I am a native Oklahoman. Born and raised in Sapulpa.
I remember Sapulpa back in the 60's. It was small, friendly, and I knew most everyone by name. Today I can spend the entire day in town without seeing a familiar face. The buildings, and people have changed but the town remains home to me.
We have all the usual things that most small towns have. Churches, a hospital, a public library, the City Hall, the court house, police station and sheriffs department. There are several elementary schools, a middle school, and of course the jr. high and high school.
We have the Sapulpa Historical Museum, and the Trolly Museum. There's a skating rink at the edge of town, and we have restaurants galore.
In the summer there's the Tee Pee Drive in, and in August we have Sapulafest with all the usual carnival rides and live bands.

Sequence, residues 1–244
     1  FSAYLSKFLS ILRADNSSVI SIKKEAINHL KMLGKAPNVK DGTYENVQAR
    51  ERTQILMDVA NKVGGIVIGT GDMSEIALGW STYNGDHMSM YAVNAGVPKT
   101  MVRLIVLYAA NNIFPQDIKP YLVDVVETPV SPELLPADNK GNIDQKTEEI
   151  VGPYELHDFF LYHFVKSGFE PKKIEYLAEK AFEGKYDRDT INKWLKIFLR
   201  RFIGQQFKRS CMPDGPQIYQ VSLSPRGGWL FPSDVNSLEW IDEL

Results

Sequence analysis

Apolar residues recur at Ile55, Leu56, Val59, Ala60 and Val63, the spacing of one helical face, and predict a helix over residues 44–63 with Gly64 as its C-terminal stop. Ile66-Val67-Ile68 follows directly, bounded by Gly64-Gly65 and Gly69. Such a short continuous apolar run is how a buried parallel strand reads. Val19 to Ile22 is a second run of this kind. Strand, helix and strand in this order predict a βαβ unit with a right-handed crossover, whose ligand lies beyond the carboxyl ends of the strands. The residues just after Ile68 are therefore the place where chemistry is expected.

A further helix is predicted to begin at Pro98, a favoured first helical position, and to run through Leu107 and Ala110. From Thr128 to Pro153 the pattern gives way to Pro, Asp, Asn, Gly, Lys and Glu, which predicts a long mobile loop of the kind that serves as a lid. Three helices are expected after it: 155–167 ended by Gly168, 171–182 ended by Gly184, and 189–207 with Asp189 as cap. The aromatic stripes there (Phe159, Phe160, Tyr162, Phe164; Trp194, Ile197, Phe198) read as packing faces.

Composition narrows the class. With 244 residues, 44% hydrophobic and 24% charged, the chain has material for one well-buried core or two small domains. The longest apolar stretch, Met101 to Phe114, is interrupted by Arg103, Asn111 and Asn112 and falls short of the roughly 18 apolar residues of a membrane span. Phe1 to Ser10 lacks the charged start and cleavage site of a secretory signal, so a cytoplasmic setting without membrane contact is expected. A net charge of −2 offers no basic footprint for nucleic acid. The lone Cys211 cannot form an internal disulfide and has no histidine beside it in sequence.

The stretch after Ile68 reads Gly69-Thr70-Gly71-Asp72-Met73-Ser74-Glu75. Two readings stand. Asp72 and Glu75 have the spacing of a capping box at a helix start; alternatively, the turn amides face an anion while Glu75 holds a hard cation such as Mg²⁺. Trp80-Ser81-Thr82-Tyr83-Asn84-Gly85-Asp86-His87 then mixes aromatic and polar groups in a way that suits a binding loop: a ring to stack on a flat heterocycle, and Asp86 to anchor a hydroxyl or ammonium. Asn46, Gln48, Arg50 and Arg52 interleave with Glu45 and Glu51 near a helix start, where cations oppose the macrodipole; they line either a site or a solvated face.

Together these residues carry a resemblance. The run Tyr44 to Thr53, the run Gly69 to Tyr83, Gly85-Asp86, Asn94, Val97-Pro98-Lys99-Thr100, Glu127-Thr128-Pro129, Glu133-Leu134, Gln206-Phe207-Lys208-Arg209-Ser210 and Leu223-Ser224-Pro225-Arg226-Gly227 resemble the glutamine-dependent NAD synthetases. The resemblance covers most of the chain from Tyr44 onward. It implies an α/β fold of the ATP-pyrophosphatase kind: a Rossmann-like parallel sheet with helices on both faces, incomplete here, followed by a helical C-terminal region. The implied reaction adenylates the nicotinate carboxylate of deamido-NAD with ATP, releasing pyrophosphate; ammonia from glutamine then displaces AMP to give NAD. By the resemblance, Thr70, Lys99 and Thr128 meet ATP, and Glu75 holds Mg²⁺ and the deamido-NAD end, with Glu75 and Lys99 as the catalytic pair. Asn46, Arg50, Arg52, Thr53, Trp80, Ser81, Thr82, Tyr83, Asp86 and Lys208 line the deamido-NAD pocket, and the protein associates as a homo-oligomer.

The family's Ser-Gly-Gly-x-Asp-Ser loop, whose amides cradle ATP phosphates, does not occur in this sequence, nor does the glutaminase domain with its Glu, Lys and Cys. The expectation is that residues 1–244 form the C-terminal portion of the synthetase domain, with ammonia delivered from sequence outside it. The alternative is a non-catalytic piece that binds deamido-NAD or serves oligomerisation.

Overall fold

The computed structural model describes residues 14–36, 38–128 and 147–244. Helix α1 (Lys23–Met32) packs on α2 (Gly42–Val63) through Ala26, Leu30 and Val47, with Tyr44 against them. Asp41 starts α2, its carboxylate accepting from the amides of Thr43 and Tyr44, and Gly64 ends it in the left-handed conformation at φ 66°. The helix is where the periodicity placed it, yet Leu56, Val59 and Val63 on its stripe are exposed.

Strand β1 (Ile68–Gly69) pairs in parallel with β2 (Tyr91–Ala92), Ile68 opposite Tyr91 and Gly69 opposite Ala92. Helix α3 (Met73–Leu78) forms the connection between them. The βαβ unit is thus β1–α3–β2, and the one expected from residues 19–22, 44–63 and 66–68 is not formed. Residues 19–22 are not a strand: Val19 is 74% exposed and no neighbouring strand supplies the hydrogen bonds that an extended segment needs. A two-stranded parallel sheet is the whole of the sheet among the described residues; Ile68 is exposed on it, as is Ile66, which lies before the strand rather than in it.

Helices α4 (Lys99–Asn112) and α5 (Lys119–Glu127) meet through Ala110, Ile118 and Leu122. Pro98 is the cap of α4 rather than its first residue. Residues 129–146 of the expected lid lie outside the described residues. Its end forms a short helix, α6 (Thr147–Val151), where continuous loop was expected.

Four lakes are near by. Keystone Lake, Sahoma Lake, Pretty Water Lake and Heyburn Lake.
One of the main things that Sapulpa is famous for the the Route 66 Highay that runs right through downtown.
We have two large glass factories in town. Ball Foster Glass and B. C. Glass.
And of course Sapulpa is the home of the famous Frankoma Pottery.
Chief Sapulpa, the area's first permanent settler, was a full-blood lower Creek Indian of the Kasihta Tribe in Osocheetown, Alabama. He arrived in Indian Territory about 1850 and established a trading post near the confluence of Polecat and Rock creeks (about one mile south of present-day downtown Sapulpa).